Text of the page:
Single-particle trajectories measured in microscopy experiments contain important information about dynamic processes undergoing in a range of materials including living cells and tissues. However, extracting that information is not a trivial task due to the stochastic nature of particles’ movement and the sampling noise. It usually starts with the detection of a corresponding motion type of a molecule, because this information may already provide insight into mechanical properties of the molecule’s surrounding.
The most common analysis method uses mean square displacement (MSD) curves. Within this approach, one fits the theoretical curves for various physical models to the data and then selects the best fit with statistical analysis. However, in many cases, the actual trajectories are too short for extracting meaningful information from the time-averaged MSDs. Moreover, the finite localization precision adds a term to the MSD, which can limit the interpretation of the data.
Classification of trajectories with machine learning (ML) algorithms is one of the possible approaches to overcome the problems of the MSD method. It is rooted in computer science and statistics. And it is very appealing because it would enable automated analysis of many hundreds or even thousands of trajectories with a reduced amount of manual intervention and initial data curation.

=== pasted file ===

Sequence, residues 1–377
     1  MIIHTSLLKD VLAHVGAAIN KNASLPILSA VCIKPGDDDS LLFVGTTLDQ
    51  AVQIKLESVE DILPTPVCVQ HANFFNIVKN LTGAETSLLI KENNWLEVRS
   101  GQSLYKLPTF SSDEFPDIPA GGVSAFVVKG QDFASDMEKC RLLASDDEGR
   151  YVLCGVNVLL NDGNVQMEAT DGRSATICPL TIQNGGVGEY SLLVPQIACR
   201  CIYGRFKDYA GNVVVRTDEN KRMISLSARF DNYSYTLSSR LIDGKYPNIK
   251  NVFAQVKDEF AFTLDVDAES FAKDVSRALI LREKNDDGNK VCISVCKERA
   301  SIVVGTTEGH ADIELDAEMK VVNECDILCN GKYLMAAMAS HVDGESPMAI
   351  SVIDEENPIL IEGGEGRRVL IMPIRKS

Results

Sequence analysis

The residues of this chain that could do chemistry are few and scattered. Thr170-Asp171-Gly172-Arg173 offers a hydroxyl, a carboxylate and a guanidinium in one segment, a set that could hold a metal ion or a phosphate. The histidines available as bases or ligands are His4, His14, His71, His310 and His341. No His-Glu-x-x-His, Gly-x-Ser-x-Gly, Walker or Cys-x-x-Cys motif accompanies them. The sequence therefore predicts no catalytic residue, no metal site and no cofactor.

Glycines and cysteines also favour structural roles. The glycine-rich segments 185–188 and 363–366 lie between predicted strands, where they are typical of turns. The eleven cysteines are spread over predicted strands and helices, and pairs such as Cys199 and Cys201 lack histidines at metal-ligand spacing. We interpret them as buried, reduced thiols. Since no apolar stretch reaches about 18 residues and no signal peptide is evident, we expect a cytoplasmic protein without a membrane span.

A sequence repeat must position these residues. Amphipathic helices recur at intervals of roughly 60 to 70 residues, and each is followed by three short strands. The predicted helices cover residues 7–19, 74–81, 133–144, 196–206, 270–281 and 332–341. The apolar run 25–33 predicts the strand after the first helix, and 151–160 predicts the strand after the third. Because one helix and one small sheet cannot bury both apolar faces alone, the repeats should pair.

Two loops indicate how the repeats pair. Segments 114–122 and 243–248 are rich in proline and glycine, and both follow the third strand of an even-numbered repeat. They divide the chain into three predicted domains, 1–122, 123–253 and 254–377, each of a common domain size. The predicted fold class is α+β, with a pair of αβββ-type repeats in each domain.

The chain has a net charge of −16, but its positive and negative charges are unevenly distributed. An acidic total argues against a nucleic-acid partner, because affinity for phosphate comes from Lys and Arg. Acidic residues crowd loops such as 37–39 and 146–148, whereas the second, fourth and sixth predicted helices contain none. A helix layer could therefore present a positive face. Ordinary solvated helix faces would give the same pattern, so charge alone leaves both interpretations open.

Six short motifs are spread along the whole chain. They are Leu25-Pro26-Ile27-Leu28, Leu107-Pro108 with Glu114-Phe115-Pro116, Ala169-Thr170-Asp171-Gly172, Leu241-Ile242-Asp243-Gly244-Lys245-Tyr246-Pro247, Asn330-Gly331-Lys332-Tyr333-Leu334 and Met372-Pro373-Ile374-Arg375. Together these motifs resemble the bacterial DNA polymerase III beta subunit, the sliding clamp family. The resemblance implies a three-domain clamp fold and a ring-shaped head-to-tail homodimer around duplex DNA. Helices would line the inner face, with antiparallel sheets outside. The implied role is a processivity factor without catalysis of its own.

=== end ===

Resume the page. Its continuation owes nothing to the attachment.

Several attempts to analyze SPT trajectories with the traditional ML methods have been already carried out. However, the methods that have been used for that purpose (e.g. Bayesian approach, random forest and a simple back-propagation neural network) belong to the class of so-called feature-based methods. Each trajectory within this approach is described by a set of human-engineered features and only those features are provided as input to a classifier model. Thus, similarly to the MSD based methods, they require the preprocessing of raw data and their interpretability may be limited for short and noisy trajectories.
In the talk, we will present a novel classification method based on convolutional neural networks (CNN). CNNs is one of the most popular deep learning algorithms, which excels in image classification. Using them is very appealing because they operate on raw data. They do not require any feature selection and extraction carried out by a human expert. Instead, they use a cascade of multiple layers of nonlinear processing units for feature identification, extraction and transformation in order to learn multiple levels of data representations. The performance of the CNN classifier trained on artificial trajectories will be compared with two popular feature based methods (random forest and gradient boosting).
1. Patrycja Kowalek, Hanna Loch-Olszewska, Janusz Szwabiński, Classification of diffusion modes in single particle tracking data: feature based vs. deep learning approach, arXiv:1902.07942, submitted to Phys. Rev. E